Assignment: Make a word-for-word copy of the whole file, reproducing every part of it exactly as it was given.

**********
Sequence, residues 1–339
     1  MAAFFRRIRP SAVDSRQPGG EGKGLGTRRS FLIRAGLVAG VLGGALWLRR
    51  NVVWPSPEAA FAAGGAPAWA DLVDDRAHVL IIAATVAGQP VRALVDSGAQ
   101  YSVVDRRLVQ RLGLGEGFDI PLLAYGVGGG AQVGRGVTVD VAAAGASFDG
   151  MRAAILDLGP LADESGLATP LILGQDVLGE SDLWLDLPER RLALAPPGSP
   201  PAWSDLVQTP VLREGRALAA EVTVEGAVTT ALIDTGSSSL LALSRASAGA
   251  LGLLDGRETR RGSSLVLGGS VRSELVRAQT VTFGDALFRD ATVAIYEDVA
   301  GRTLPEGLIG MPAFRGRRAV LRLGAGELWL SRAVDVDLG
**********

Sequence, residues 1–339
     1  MAAFFRRIRP SAVDSRQPGG EGKGLGTRRS FLIRAGLVAG VLGGALWLRR
    51  NVVWPSPEAA FAAGGAPAWA DLVDDRAHVL IIAATVAGQP VRALVDSGAQ
   101  YSVVDRRLVQ RLGLGEGFDI PLLAYGVGGG AQVGRGVTVD VAAAGASFDG
   151  MRAAILDLGP LADESGLATP LILGQDVLGE SDLWLDLPER RLALAPPGSP
   201  PAWSDLVQTP VLREGRALAA EVTVEGAVTT ALIDTGSSSL LALSRASAGA
   251  LGLLDGRETR RGSSLVLGGS VRSELVRAQT VTFGDALFRD ATVAIYEDVA
   301  GRTLPEGLIG MPAFRGRRAV LRLGAGELWL SRAVDVDLG